With no points from their first five matches of the season and 14 goals conceded, this has not been a very successful start to the season for Norwich City. Norwich are a club who have in recent years fallen into the bracket of being too good for one division but not good enough for the other. In the 11 seasons since 2010, they have been relegated from the Premier League and promoted back four times, but with the club having spent considerable money over the course of the summer, it’s worth asking the question of what the club can do to try to arrest this cycle of boom and bust.
There was little that could be done about the toughness of their start to the new season. With fixtures against Liverpool, Manchester City, Arsenal and Leicester City, few would have expected them to emerge from their first four matches with many points. But their fifth match was different, a home match against fellow newly promoted side Watford, and a 3-1 defeat in this match was a worry. Losing four straight games to teams expected to challenge for top six places this season (at least) is no great surprise. But for a newly promoted team, a home match against another newly promoted team is exactly the sort of fixture that you should be winning, if you are to intending to avoid relegation straight back from whence you came.
It can hardly be said that Norwich City didn’t spend any money over the summer. The club spent more than £50m on a new a pile of signings, with players such as Milot Rashica, Ben Gibson and Billy Gilmour arriving at the club. But Norwich’s shortcomings so far this season haven’t really been determined by who’s there, but by who isn’t. The sale of Emi Buendia to Aston Villa for £38m in June may have helped to balance the books for the club, but it seems to have had an extremely negative effect on the pitch. Buendia was Norwich’s player of last season, with 15 goals and 16 assists, and his creativity has been severely missed on the pitch. The same could be said for Oliver Skipp, who was at Carrow Road on loan from Spurs last season but impressed enough to take a place in their first-team squad this season.
After Buendia’s transfer, manager Daniel Farke told the Eastern Daily Press that they “were able to bring in (Milot) Rashica already and this allows us opportunities to do other business” but also that “of course as a manager you want all the best players and I would prefer to still have him, but you cannot deny his will”. The message was clear: Buendia wanted to move on to a bigger club and the best that Norwich could do was get the best price for the player and spend the money wisely to plug the gap left by his absence.
The problem is that it’s all a gamble, and while it’s still a little too early to say definitively that Norwich lost this gamble, the early signs haven’t been particularly encouraging. Playing Liverpool and Manchester City in their first two fixtures was a particularly tough draw and few were surprised by Norwich shipping eight goals over the course of those two matches. But since then, opportunities for progress have been there. Leicester City might have finished in fifth place in the Premier League, but their start to this season has been less than stellar and they could only edge past Norwich when the two clubs met at Carrow Road. They created a couple of chances at Arsenal, but were still beaten by a mis-firing team.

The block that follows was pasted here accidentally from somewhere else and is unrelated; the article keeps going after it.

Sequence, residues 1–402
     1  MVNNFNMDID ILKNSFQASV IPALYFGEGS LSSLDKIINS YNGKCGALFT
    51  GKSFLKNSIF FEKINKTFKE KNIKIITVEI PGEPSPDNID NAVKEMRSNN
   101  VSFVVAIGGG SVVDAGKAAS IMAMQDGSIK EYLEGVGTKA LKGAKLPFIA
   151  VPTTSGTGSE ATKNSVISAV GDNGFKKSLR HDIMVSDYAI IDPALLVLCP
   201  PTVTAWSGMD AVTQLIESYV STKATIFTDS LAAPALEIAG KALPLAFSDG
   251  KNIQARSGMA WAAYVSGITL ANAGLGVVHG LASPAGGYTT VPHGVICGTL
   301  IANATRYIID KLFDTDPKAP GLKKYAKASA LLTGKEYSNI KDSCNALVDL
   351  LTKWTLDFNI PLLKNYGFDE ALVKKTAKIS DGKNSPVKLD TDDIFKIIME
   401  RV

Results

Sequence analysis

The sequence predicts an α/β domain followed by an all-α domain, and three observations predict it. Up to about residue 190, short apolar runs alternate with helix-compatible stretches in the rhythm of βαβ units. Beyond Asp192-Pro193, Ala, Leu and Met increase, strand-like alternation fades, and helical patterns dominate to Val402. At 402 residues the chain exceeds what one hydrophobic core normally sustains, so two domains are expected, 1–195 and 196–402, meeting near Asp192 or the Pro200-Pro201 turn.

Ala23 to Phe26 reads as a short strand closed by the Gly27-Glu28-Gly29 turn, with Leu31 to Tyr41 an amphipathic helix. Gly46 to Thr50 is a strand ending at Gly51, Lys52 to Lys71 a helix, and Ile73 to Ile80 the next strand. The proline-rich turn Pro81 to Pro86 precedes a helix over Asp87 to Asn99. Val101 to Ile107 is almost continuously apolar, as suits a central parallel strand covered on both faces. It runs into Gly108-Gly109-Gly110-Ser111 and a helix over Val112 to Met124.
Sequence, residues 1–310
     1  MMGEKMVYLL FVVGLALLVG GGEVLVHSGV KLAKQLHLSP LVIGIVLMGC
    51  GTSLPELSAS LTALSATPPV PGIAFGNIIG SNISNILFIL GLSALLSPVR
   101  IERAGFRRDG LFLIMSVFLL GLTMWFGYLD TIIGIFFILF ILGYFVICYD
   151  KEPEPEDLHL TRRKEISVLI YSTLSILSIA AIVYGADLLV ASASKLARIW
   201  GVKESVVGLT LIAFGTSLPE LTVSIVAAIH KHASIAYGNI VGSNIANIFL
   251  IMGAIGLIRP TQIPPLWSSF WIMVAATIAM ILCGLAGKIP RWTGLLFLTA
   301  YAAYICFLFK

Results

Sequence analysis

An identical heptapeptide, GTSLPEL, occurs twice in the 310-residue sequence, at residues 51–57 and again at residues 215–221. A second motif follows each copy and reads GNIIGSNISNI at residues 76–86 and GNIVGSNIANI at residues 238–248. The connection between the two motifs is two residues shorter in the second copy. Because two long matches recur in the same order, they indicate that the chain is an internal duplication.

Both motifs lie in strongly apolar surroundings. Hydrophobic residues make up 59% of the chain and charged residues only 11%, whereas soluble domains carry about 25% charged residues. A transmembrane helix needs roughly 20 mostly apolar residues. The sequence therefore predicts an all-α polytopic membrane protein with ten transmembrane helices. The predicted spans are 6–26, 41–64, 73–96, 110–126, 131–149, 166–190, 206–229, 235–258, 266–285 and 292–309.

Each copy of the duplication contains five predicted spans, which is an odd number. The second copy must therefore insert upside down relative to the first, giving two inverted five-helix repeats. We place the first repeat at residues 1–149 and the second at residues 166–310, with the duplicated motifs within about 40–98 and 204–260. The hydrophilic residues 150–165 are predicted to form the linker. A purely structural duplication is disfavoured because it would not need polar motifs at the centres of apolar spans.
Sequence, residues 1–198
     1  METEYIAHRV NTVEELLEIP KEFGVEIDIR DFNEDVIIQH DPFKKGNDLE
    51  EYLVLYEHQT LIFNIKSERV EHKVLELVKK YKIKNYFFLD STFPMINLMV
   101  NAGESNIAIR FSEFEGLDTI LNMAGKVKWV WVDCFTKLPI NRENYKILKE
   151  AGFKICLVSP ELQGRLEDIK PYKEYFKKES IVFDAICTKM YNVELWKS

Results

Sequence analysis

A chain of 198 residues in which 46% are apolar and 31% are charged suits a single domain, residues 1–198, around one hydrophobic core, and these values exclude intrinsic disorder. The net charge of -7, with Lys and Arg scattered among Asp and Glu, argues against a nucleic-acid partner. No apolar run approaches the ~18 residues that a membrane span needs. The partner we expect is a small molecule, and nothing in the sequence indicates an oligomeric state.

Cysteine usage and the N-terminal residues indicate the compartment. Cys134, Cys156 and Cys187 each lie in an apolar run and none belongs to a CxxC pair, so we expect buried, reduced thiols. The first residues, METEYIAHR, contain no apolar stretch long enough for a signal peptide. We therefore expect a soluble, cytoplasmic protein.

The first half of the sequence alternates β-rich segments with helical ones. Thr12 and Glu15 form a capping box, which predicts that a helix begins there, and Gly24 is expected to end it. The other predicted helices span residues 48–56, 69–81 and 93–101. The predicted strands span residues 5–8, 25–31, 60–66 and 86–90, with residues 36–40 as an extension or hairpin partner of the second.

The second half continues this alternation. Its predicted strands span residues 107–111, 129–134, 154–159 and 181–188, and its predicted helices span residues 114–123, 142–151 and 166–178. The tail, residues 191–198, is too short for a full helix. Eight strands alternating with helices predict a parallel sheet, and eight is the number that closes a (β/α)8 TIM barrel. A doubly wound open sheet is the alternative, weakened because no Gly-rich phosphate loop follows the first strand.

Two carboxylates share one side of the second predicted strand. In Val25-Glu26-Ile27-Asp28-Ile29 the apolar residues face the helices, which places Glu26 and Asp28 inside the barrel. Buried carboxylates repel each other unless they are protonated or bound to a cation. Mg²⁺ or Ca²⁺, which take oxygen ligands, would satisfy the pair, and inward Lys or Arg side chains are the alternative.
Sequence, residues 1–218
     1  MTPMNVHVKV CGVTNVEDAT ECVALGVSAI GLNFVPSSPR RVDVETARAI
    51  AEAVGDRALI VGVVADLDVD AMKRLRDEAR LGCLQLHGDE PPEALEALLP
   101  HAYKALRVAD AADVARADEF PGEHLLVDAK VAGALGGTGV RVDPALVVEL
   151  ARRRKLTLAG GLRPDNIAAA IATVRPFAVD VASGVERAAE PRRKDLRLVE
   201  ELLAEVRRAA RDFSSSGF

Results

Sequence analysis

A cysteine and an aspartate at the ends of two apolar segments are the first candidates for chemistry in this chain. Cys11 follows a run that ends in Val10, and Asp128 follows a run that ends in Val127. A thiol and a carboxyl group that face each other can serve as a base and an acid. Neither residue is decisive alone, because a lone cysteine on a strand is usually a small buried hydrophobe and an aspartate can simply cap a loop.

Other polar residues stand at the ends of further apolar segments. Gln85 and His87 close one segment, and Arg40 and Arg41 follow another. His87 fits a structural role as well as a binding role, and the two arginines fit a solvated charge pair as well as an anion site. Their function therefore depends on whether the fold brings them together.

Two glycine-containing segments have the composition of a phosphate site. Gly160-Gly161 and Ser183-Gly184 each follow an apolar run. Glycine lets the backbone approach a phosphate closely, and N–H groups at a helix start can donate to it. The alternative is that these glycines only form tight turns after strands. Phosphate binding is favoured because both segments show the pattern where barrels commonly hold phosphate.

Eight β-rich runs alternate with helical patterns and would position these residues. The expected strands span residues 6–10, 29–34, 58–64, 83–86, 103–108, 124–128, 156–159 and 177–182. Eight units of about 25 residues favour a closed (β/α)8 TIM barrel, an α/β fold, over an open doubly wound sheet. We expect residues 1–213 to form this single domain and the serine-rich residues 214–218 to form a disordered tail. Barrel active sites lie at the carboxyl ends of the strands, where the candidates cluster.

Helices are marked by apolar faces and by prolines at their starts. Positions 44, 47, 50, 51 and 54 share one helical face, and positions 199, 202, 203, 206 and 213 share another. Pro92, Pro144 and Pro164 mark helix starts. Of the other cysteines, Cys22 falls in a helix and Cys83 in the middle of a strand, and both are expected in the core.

The Watford result rather spoke for itself and it cannot be merely overlooked. When the fixture list for this season was released, everybody knew that Norwich were unlikely to pick up many points from their first few matches of the season. But Watford was supposed to be different. They’d started their season by beating Aston Villa, but since then had reverted back to pre-season expectations with three straight league defeats. But on the day, Norwich came up woefully short. The relative defensive solidity seen previously against Arsenal was conspicuous by its absence, and fears of a repeat of two seasons ago – when they were relegated in bottom place with just 21 points – have started to grow again since.
Daniel Farke hasn’t been completely blame-free in all of this. Norwich’s tactical formation changed slightly during the summer and the team doesn’t seem to have settled into this new way of playing, while the failure move to a set-up which which gives the defence a little more protection from midfield may also be criticised. Farke’s team was booed from the pitch by a section of the crowd at Carrow Road on Saturday, and in an era when club owners are trigger-happier than ever, it may not even be that long before a clamour for him to be replaced starts to gather volume.
But Norwich City do not have to look very far back into their past to realise that calamitous starts to a season can be reversed. In August 2012, Norwich kicked off Chris Hughton’s spell as their manager with a 5-0 defeat at Fulham, but ended the season in 11th place in the Premier League. Three years earlier, they’d started their first ever season in League One with a 7-1 home defeat against Colchester United. They finished that season winning the title with 95 points, nine more than second-placed Leeds United.
But one of the most fundamental differences between the Premier League and the EFL Championship is the number of games. With eight fewer to play with, Daniel Farke will already know that the windows of opportunity for Norwich to avoid this season turning into another battle against relegation are already closing. Norwich City can break the promotion-relegation cycle in which they’ve found themselves trapped, but they need to find the route out of that particular maze soon.